To the Editor:
We all want to live in a free, prosperous, just and safe country. But we all do not agree on the best way to achieve, preserve or accomplish this.
One theory generally involves less government and more individual responsibility, believing that competition breeds excellence, and strong families produce charitable and self-reliant individuals.
The second theory generally involves more government and less individual responsibility, believing that government does a better job taking charge of commerce and caring for the needy.
Our country is founded on the first theory and has been steadily incorporating the second. All Americans have accepted most government expansions. But some question the diminishing returns. At some point, more is less. This is the crux of the debate. How much more government can we afford, do we want, and will actually help?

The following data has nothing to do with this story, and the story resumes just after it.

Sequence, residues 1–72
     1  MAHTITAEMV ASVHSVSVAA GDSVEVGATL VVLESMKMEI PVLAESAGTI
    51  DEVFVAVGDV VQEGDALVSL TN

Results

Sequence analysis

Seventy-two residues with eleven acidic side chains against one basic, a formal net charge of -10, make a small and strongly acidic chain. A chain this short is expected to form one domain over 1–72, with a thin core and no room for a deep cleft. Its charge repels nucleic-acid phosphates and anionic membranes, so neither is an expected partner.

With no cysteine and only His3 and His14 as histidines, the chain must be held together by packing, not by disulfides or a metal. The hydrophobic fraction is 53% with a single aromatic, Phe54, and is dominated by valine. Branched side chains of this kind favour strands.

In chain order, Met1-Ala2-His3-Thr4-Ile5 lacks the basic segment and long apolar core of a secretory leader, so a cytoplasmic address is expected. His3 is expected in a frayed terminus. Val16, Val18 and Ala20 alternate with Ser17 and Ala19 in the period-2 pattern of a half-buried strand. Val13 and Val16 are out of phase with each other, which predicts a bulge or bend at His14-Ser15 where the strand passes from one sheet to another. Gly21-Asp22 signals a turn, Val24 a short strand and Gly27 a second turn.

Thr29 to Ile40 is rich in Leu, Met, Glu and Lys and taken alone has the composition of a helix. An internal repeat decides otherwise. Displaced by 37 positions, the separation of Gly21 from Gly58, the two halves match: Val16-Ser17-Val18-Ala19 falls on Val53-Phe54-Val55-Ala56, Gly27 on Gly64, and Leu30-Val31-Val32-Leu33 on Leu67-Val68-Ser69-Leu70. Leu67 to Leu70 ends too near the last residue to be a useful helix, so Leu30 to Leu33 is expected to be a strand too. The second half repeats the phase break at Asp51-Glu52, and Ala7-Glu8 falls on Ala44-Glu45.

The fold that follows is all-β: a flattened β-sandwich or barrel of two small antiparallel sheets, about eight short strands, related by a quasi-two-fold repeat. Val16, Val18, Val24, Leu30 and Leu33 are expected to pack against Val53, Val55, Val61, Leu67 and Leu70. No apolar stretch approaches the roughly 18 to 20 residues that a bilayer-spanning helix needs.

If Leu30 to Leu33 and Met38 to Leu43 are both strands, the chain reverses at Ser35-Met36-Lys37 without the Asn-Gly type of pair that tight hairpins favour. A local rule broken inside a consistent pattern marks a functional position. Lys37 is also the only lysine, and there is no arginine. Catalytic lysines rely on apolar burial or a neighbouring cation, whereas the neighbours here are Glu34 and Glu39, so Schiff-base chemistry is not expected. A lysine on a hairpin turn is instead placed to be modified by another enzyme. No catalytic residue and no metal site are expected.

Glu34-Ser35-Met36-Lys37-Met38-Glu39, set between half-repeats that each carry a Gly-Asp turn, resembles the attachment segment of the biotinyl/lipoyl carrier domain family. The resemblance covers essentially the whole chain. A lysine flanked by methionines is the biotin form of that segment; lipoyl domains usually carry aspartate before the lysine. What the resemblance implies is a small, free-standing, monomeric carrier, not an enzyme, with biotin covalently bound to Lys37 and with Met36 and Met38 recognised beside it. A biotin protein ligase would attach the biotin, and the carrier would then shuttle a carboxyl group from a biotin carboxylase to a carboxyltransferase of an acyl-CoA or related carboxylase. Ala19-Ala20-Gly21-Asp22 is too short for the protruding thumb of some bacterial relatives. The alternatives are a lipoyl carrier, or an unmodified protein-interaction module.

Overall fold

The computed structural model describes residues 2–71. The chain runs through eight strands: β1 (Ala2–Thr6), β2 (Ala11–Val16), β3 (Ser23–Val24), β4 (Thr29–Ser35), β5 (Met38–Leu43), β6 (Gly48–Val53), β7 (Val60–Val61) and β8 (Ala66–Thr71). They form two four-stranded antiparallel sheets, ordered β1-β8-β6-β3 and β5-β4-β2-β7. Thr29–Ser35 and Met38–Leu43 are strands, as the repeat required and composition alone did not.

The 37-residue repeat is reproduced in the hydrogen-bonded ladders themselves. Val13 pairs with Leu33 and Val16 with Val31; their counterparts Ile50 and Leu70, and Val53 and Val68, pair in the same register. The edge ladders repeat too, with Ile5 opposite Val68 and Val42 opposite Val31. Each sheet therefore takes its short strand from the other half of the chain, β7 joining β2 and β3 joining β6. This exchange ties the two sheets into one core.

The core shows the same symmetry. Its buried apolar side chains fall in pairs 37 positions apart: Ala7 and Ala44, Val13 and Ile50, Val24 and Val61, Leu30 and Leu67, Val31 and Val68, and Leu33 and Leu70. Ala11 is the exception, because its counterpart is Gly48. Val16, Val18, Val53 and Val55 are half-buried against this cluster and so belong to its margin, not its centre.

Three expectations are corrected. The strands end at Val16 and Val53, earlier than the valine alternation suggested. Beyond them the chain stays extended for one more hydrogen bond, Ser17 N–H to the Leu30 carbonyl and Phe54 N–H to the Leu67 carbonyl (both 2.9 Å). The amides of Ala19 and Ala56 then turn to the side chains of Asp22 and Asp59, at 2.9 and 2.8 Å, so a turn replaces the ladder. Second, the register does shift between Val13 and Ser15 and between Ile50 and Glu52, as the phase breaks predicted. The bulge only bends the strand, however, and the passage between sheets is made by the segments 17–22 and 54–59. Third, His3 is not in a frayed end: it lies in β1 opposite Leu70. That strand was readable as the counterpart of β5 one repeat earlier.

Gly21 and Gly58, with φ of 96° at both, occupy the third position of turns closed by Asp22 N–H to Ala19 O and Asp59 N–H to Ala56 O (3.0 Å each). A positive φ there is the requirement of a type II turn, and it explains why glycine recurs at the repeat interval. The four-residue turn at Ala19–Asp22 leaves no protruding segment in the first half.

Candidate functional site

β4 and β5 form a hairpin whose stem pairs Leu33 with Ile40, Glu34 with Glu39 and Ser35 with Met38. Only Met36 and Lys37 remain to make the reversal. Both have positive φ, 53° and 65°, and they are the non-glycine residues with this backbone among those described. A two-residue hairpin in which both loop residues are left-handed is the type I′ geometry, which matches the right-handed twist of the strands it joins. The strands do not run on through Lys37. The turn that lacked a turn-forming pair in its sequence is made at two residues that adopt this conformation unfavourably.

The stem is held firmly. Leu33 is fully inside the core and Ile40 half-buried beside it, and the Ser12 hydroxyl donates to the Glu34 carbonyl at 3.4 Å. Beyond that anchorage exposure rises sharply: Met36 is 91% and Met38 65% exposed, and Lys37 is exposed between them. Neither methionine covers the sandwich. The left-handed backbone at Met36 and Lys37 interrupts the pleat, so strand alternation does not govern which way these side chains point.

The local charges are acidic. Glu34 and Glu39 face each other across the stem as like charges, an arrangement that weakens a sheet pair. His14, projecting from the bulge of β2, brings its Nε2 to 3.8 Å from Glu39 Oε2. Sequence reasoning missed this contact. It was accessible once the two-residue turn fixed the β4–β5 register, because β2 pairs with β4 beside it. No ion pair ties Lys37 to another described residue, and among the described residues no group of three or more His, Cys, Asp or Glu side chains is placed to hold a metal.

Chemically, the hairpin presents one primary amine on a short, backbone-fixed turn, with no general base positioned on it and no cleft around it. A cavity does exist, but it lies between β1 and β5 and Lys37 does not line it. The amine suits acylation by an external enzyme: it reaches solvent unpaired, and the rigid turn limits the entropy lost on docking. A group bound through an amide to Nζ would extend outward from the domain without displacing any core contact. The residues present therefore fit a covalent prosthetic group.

President Franklin D. Roosevelt shifted our country dramatically in this direction. His temporary “safety nets” have grown, become permanent, and spawned many more such programs. Now, the federal government is beyond comprehension in size and scope. We’ve accepted most of this. But how much further should we go?
Our European friends are ahead of us on this path. France, Spain and Greece have taken this approach with terribly troubling results. Just take a look. History also teaches us the treachery and tyranny of centrally controlled economies. They don’t work.
We have thrived, invented, explored, and benefited in myriad ways from our free market, regulated by a limited government. Can’t we look at our incredible American story and agree on that?